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Physiological basis for human autonomic rhythmsOscillations of arterial pressures, heart periods, and muscle sympathetic nerve activity have been studied intensively in recent years to explore otherwise obscure human neurophysiological mechanisms. The best-studied rhythms are those occurring at breathing frequencies. Published evidence indicates that respiratory fluctuations of muscle sympathetic nerve activity and electrocardiographic R-R intervals result primarily from the action of a central 'gate' that opens during expiration and closes during inspiration. Parallel respiratory fluctuations of arterial pressures and R-R intervals are thought to be secondary to arterial baroreflex physiology: changes in systolic pressure provoke changes in the R-R interval. However, growing evidence suggests that these parallel oscillations result from the influence of respiration on sympathetic and vagal-cardiac motoneurones rather than from baroreflex physiology. There is a rapidly growing literature on the use of mathematical models of low- and high-frequency (respiratory) R-R interval fluctuations in characterizing instantaneous 'sympathovagal balance'. The case for this approach is based primarily on measurements made with patients in upright tilt. However, the strong linear relation between such measures as the ratio of low- to high-frequency R-R interval oscillations and the angle of the tilt reflects exclusively the reductions of the vagal (high-frequency) component. As the sympathetic component does not change in tilt, the low- to high-frequency R-R interval ratio provides no proof that sympathetic activity increases. Moreover, the validity of extrapolating from measurements performed during upright tilt to measurements during supine rest has not been established. Nonetheless, it is clear that measures of heart rate variability provide important prognostic information in patients with cardiovascular diseases. It is not known whether reduced heart rate variability is merely a marker for the severity of disease or a measurement that identifies functional reflex abnormalities contributing to terminal dysrhythmias.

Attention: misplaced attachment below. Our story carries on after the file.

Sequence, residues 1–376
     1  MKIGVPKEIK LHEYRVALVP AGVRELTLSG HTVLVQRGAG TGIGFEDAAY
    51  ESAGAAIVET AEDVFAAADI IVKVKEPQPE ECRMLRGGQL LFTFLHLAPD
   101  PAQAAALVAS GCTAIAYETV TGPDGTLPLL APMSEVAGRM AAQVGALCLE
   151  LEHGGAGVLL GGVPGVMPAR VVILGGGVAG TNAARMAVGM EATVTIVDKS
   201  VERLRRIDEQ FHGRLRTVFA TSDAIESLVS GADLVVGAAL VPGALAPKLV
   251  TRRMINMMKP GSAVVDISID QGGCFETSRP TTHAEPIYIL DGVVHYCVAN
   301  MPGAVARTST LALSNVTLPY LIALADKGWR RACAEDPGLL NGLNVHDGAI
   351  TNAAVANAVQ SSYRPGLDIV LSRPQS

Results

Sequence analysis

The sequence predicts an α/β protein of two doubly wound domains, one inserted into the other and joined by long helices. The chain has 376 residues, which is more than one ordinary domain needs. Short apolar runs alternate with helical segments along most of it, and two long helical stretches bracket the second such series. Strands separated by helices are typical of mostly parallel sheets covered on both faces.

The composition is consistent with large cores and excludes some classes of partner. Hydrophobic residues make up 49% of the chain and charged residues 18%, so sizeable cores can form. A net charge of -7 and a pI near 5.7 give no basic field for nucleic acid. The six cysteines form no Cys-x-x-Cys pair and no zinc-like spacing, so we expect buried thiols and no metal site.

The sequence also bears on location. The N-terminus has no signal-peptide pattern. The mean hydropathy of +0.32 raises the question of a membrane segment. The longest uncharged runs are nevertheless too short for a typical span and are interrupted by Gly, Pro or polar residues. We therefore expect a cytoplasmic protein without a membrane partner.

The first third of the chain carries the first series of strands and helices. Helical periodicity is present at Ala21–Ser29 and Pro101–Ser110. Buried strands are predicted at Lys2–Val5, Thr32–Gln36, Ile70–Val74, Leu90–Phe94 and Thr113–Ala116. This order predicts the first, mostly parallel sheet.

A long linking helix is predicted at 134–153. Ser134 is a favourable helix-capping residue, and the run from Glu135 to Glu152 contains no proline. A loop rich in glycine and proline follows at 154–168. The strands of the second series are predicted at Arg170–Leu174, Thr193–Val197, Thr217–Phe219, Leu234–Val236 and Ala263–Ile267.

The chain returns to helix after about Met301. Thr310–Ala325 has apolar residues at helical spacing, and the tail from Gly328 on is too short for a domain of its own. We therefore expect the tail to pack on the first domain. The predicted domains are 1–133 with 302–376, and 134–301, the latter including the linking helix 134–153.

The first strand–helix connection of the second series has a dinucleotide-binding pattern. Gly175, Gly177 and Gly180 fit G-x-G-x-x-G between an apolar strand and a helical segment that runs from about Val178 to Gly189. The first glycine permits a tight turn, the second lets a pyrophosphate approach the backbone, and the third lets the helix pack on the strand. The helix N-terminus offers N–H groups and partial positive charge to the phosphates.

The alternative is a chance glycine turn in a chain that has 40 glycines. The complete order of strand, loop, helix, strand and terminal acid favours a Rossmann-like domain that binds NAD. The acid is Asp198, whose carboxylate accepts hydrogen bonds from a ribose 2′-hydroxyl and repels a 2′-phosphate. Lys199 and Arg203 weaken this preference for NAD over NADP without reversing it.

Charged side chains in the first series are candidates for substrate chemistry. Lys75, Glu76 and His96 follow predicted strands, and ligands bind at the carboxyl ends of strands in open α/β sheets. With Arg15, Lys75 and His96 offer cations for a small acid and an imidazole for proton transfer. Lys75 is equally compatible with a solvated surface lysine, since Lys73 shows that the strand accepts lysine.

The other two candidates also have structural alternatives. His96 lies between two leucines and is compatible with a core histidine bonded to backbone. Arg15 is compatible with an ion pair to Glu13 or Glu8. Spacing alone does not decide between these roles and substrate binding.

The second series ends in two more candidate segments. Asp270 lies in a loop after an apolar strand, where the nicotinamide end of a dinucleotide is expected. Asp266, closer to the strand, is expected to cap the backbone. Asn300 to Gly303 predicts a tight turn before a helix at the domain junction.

Document ID
20040141434
Document Type
Reprint (Version printed in journal)
Authors
Eckberg, D. L. (Medical College of Virginia at Virginia Commonwealth University, and Hunter Holmes McGuire Department of Veteran Affairs Medical Center Richmond, United States)
Date Acquired
August 22, 2013
Publication Date
July 1, 2000
Publication Information
Publication: Annals of medicine
Volume: 32
Issue: 5
ISSN: 0785-3890
Subject Category
Life Sciences (General)
Distribution Limits
Public
Copyright
Other
Keywords
Review, Tutorial
NASA Discipline Cardiopulmonary
Review
Non-NASA Center